Photo courtesy of Sky McCracken
It's a quote from a Star Trek movie (First Contact), admittedly with a gender bias, but it certainly applies: "Don't try to be a great man. Just be a man, and let history make its own judgment." I think if you're going to be an elder in the United Methodist Church, it is good advice - and if you are going to be a district superintendent (or "presiding elder," as one lay leader in Paducah calls me), you really need to be a man/woman and let God be the judge of what you do. That means saying and doing some tough things in the name of the Lord. What follows are some tough things that I think need saying in light of a church that is in desperate need of renewal. I think our laity are desperate for it.
1. Changing the stance on homosexuality in the United Methodist Church will not stop the loss of membership in the denomination. It's at best a red herring and at worst a lie to espouse otherwise. The Southern Baptist Church continues to lose membership; they are in their fifth year of decline, and they have a very decisive, very clear statement on their opposition to homosexuality. On the other side of the issue, the Episcopal Church also has a very decisive and clear statement on homosexuality, where they bless and celebrate same-sex unions as they do male-female marriages, even though doing so separated them from the Anglican Communion. Did it help them gain members? Their membership is now lower than it was in 1939.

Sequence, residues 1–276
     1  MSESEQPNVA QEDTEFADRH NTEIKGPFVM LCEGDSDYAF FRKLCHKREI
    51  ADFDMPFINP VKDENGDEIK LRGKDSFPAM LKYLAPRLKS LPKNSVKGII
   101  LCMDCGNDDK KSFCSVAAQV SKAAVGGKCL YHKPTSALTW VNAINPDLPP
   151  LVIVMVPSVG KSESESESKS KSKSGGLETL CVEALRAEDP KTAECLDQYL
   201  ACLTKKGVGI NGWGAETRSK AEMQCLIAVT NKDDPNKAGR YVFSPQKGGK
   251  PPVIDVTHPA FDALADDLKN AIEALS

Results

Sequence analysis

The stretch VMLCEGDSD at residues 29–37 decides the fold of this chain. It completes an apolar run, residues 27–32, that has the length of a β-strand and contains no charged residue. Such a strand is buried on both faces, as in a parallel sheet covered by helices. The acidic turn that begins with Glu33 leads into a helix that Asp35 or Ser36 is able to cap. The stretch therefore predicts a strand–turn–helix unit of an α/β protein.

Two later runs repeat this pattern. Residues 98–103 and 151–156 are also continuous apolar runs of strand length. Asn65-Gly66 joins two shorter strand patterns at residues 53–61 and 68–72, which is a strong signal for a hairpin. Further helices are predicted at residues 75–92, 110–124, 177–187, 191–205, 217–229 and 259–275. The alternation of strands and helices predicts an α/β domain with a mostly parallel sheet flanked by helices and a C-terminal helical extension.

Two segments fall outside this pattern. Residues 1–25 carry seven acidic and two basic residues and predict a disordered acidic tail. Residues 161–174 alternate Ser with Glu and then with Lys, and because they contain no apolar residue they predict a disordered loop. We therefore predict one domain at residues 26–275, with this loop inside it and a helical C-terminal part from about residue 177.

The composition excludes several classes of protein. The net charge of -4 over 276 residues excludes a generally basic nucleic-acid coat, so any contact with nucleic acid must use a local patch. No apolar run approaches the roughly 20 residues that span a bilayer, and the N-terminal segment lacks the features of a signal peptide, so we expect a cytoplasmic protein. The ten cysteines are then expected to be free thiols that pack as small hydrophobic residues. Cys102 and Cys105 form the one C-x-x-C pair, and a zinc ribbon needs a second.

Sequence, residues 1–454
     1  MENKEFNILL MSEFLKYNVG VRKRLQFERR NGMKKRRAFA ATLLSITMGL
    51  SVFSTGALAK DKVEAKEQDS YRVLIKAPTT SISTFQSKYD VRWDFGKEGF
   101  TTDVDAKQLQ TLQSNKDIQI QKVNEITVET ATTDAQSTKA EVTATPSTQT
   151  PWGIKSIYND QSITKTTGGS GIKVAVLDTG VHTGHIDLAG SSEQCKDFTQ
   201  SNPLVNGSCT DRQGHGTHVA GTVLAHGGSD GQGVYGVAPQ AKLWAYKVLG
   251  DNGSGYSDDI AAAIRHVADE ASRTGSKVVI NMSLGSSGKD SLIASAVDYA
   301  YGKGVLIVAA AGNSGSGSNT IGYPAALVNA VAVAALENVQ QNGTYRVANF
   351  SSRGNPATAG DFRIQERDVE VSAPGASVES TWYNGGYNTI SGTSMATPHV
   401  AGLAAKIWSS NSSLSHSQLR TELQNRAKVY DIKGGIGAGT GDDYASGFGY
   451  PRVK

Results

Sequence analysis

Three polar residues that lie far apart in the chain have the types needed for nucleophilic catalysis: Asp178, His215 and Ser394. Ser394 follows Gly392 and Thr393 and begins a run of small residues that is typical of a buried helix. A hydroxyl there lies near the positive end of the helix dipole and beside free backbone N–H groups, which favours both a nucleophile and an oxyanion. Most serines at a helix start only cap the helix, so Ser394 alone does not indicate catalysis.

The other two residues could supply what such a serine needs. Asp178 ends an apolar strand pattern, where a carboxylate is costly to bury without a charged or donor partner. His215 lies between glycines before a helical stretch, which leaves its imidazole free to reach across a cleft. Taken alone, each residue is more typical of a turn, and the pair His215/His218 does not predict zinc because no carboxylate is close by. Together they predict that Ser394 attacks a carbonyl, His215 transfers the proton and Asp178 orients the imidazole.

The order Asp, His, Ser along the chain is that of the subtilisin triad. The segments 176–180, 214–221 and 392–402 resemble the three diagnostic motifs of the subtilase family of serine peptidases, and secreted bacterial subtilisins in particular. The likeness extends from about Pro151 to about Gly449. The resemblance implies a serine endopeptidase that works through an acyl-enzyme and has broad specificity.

The loss of membership in both denominations, as well as in the UMC, can reasonably point to one reason: failure to make disciples. We can blame society, we can blame the president and Congress, we can even blame MTV. But we can't blame our stances on homosexuality. The fact that I hold an orthodox view on this issue and agree with my denomination's stance doesn't let me off the hook for anything - that has nothing to do with a failure to make disciples in the name of Jesus Christ. And yes... that is what it says in Greek: μαθητεύω - to make a disciple - it's a verb, aorist tense, imperative, plural, second person. And as Dallas Willard reminds us, we are more often guilty of the Great Omission: once we baptize folks, and/or they have been converted to follow Christ, we seem to forget the rest: "teaching them to do everything that [Jesus] commanded you." That's discipleship. We have failed at discipleship - we suck at it! - and have for several generations.